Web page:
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A STUDY OF MACROPHAGES IN THE HUMAN BLOOD WITH SPECIAL REFERENCE TO THEIR PRESENCE IN TWO CASES OF SUBACUTE BACTERIAL ENDOCARDITIS

JOHN J. SAMPSON, M.D.; WILLIAM J. KERR, M.D.; MIRIAM E. SIMPSON, Ph.D.
Arch Intern Med (Chic). 1923;31(6):830-846. doi:10.1001/archinte.1923.00110180049004.
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It is the purpose of this paper to present two cases of malignant endocarditis associated with Streptococcus uiridans septicemia, showing some unusual cells termed macrophages in the peripheral blood. The morphologic and functional characteristics of these cells corresponded closely with cells produced experimentally in rabbits by one of us.1 It is because of this similarity that we hope to offer some suggestions which may help to clarify the nature and relationship of these and other mononuclear cells found in the blood.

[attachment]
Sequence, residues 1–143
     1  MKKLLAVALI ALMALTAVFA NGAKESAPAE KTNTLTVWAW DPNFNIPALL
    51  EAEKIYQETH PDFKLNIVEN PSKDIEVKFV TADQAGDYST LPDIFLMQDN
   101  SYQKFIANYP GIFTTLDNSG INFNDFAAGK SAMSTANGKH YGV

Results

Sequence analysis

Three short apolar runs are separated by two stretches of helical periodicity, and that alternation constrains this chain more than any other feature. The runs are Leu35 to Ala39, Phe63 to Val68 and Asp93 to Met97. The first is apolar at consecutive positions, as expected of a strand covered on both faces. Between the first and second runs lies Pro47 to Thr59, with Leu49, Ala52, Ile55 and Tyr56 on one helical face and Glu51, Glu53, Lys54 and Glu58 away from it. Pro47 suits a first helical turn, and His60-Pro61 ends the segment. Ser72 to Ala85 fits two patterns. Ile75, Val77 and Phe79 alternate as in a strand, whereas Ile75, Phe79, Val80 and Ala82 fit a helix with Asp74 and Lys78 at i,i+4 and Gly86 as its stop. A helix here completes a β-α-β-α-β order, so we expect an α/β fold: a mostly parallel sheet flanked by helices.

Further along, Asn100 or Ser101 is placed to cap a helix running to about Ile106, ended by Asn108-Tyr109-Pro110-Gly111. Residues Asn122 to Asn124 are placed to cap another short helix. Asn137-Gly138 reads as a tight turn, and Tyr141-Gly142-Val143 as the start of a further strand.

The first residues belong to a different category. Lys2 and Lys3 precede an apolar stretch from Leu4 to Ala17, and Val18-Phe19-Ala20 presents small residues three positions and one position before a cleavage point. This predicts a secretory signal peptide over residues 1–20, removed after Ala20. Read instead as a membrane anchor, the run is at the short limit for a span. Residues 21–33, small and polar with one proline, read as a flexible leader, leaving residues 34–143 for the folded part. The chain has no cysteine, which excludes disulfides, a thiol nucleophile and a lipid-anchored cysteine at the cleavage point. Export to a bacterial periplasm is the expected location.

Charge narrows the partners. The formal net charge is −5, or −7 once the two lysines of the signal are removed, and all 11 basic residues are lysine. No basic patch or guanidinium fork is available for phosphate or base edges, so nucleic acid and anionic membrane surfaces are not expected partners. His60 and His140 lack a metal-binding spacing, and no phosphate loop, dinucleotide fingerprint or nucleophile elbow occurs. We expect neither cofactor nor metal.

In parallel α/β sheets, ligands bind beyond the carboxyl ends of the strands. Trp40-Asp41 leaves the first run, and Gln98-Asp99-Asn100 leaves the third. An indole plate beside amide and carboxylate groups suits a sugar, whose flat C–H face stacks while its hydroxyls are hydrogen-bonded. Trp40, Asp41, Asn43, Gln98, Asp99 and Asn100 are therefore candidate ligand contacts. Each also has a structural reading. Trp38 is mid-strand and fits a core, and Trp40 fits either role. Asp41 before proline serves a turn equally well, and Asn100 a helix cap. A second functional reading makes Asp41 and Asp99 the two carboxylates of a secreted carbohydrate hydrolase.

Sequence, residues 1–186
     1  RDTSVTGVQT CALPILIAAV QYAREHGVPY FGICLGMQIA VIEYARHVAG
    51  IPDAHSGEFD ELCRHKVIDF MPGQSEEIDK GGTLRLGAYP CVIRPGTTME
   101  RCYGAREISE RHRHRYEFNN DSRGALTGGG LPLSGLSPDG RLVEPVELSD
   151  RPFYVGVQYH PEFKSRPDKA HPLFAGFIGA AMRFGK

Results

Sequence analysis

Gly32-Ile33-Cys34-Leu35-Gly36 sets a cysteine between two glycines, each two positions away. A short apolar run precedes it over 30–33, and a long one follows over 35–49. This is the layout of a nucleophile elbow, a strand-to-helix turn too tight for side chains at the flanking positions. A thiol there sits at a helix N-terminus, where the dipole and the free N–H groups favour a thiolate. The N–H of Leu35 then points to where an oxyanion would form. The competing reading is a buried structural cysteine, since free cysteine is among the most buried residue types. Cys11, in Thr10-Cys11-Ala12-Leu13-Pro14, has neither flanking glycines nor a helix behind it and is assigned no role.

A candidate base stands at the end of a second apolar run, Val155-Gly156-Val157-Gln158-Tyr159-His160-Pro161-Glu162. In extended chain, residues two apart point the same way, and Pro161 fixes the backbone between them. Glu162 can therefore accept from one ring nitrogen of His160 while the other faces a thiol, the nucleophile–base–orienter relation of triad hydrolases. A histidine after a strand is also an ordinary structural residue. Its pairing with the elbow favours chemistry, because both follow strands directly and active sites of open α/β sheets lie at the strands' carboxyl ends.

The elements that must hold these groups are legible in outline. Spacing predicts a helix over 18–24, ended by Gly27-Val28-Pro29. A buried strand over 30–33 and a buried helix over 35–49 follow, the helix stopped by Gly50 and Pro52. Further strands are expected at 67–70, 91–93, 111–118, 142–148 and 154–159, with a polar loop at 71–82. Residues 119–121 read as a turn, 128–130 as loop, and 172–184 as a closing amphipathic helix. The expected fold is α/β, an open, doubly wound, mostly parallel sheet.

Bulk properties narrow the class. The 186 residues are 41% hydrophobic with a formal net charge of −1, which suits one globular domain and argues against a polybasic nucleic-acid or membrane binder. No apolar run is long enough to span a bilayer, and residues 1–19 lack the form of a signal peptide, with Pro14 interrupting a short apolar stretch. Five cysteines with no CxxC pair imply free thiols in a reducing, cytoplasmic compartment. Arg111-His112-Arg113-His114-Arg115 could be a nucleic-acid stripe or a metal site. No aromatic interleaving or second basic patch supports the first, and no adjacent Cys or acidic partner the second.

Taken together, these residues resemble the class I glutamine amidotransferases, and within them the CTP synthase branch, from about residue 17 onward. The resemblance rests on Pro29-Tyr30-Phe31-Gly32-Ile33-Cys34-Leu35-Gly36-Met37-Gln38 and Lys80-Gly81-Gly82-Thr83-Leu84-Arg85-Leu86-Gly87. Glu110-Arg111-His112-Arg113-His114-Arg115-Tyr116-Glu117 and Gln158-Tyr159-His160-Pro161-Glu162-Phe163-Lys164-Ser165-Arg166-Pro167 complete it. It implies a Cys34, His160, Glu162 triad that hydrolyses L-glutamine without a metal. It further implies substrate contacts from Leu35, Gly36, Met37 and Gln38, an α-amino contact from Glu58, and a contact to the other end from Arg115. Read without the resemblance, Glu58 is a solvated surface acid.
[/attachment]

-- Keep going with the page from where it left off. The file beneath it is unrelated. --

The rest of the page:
The cells which we term macrophages (Metchinkoff, H. M. Evans) because one of their striking characteristics is a marked power of phagocytosis, have been synonomously termed pyrrhol cells (Goldman), adventitia cells (Marchand), histogenous macrophages (F. A. Evans), histiocytes (Aschoff, Kiyono), resting wandering or polyblast cells (Maximow), rhagiocrine cells (Renaut), endothelial leukocytes (Mallory), and clasmatocytes (Ranvier), although some of the above terms included in their scope additional mononuclear cells to

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